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How does the setting and the environment have a direct impact on the emotional mood and emphasize the central theme of the novels 'The Pawnbroker' and 'Third and Indiana'.

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JiYi Yang June 21, 2004 Professor White English 420 In the novels The Pawnbroker and Third and Indiana the setting and the environment has a direct impact on the emotional mood and emphasize the central theme of the novels. Both novels are set in ghetto urban areas. Steve Lopez's novel Third and Indiana is set in South Philadelphia's area called Kensington or better known as the "Badlands". The Badlands was an industrial area which was prosperous in the past because of factory jobs, but as the factories closed down and many lost their jobs and Kensington transformed into a place of drugs, violence, and debauchery. Similarly in Edward Lewis Wallant's The Pawnbroker the novel is set in the unsafe urban area in New York City's Harlem. After the period of the Harlem Renaissance, Harlem suffered from poverty and people relied on the drug trade and crime to get by in their lives. In Third and Indiana the setting foreshadows violence and darkness of the novel. An example of how Lopez foreshadows the darkness of the novel when Lopez describes, "It (Kensington Avenue) sat in eternal darkness and gloom under the El,...a symbol of the city industrial death."(9) ...read more.


And what is even worse the truck belonged to a Mafioso called "Thin Jimmy", so he has to think of a way to pay him back. When Eddie moved to Kensington he receives a message from Sarah that she has changed her mind about living together. Furthermore, Lopez gives a great description of Eddie," He had a trace of the same lost look Gabriel had given his mother, but the pain was different. It wasn't the pain of things lost, but of things never found."(166) The pain he lives as an unemployed musician who no one loves with no family. Eddie as the "lovable loser" befriends a street boy named Gabriel. Gabriel stays in Eddie's house because Gabriel has no place to live since he left his house and mother Ofelia. Gabriel reminds Eddie of his sons, who he left. Gabriel feels Eddie is like a father figure to him. Ofelia describes their relationship when Ofelia says, "Eddie had been Gabriel's stand-in-father, and Gabriel was the sons Eddie hadn't known how to love."(263) Eddie was the only older male person Gabriel can confide and trust. To Eddie, Gabriel represented him of the sons he left. ...read more.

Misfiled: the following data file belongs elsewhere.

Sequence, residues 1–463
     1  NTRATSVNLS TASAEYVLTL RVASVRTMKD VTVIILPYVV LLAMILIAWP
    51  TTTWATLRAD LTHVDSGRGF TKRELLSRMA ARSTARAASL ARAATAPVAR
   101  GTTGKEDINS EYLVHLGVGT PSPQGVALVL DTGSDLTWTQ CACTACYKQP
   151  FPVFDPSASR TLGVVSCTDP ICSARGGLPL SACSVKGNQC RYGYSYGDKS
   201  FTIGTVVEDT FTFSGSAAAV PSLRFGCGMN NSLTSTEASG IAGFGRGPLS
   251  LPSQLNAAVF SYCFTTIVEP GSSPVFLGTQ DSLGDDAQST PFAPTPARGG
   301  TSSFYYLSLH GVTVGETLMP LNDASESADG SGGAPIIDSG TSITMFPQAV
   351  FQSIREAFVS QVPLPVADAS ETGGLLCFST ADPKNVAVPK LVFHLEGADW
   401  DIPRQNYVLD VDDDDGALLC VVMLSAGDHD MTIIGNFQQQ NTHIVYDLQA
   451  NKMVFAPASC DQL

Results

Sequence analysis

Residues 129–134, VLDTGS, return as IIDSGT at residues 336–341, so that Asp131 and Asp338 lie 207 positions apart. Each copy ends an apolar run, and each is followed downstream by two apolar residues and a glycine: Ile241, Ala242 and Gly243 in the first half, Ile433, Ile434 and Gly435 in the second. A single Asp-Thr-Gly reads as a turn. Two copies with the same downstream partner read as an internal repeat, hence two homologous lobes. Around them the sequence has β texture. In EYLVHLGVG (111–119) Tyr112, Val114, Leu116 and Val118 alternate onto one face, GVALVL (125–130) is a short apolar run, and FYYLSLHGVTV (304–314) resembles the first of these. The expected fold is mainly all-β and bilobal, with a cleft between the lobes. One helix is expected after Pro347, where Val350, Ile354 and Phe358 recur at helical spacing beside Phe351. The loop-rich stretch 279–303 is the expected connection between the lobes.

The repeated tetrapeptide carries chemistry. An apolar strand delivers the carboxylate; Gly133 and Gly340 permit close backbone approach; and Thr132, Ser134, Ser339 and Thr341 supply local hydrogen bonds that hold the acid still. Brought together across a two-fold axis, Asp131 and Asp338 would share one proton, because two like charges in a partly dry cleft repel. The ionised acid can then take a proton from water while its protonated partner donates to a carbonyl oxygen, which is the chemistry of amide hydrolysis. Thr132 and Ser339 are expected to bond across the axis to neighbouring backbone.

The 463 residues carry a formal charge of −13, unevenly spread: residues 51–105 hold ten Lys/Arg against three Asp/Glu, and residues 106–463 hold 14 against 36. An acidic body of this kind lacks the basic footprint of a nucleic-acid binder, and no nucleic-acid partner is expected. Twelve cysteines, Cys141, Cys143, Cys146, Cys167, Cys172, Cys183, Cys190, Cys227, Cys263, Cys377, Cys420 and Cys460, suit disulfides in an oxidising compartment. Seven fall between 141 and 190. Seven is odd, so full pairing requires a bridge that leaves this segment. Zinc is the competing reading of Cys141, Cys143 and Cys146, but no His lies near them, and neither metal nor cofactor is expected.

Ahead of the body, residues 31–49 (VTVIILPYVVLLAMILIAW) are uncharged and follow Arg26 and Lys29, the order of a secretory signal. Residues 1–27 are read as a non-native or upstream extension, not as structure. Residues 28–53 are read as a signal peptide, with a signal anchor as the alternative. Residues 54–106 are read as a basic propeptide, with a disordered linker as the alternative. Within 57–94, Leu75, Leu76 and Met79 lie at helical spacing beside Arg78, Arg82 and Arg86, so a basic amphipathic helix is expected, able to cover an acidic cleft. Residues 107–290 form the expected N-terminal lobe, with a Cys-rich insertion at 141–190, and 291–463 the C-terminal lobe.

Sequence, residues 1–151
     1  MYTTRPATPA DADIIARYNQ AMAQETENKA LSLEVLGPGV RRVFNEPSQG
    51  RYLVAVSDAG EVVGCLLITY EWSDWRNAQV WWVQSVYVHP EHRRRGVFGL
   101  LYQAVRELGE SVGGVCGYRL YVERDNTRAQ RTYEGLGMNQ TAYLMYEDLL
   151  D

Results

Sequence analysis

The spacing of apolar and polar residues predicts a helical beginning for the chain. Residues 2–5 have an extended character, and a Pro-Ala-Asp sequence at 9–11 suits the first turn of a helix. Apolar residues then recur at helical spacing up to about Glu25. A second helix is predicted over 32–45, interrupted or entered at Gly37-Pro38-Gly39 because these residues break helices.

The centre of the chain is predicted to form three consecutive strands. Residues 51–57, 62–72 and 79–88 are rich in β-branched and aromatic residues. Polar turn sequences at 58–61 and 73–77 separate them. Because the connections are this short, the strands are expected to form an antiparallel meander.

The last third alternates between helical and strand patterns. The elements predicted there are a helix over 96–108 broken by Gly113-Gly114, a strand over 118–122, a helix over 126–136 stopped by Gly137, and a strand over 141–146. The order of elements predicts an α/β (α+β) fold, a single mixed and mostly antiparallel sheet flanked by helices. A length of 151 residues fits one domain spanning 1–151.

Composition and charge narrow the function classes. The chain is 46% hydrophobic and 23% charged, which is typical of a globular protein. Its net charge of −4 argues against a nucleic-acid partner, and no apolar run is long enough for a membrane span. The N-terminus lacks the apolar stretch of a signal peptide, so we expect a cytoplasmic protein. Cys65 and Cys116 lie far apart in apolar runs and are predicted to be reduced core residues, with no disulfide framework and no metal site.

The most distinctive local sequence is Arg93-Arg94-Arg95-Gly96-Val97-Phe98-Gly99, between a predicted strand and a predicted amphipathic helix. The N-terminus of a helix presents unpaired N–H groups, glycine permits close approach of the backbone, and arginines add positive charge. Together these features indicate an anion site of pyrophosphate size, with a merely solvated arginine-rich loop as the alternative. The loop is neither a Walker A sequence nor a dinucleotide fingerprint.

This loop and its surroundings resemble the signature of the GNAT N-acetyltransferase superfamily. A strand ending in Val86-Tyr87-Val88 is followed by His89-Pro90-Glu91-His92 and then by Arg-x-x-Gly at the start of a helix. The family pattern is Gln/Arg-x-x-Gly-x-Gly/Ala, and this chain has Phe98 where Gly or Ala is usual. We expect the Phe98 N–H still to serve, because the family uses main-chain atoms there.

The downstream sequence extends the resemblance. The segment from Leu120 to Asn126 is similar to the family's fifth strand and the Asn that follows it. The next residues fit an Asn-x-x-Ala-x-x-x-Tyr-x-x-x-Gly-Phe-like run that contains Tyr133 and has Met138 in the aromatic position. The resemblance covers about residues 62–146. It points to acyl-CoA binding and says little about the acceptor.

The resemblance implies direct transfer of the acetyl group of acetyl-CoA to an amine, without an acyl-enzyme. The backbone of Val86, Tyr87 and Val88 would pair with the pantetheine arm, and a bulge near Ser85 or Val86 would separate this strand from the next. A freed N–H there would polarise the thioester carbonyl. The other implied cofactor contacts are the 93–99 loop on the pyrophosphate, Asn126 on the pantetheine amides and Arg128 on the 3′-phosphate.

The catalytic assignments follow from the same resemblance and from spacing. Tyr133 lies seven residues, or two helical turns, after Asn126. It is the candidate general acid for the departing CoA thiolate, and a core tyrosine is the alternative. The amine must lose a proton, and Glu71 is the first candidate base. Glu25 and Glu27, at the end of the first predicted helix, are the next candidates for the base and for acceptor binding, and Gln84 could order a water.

As a way to help herself move on with her life possibly with Eddie, she draws the chalk outline for her dead son and friend. Gabriel helped Eddie grow as a man and take responsibility of his actions of leaving his family and being unemployed. In both The Pawnbroker and Third and Indiana they both give a pastoral narrative pattern. A pastoral is an escape to fresh natural world or a connection with nature. In Third and Indiana Father Laetner wants to see the ocean, for a moment of time experience peace and tranquility by the ocean. Similarly in The Pawnbroker Sol escapes from Harlem for a day with Marilyn on the cruise. For a moment Sol feels at ease and does not feel the pain of his life. For a brief moment Sol was with one with nature. Both novels offer a positive end to the novel in which the main characters change in a positive way as a result of death. Both Sol and Eddie are wasting away their lives during the book, but at the end they both find redemption and salvation through death. Their eyes have opened to the world to a new beginning. For example in Sol's last dream in the novel, his dream tells him to proceed on with his life and do not be fixated on the past. ...read more.

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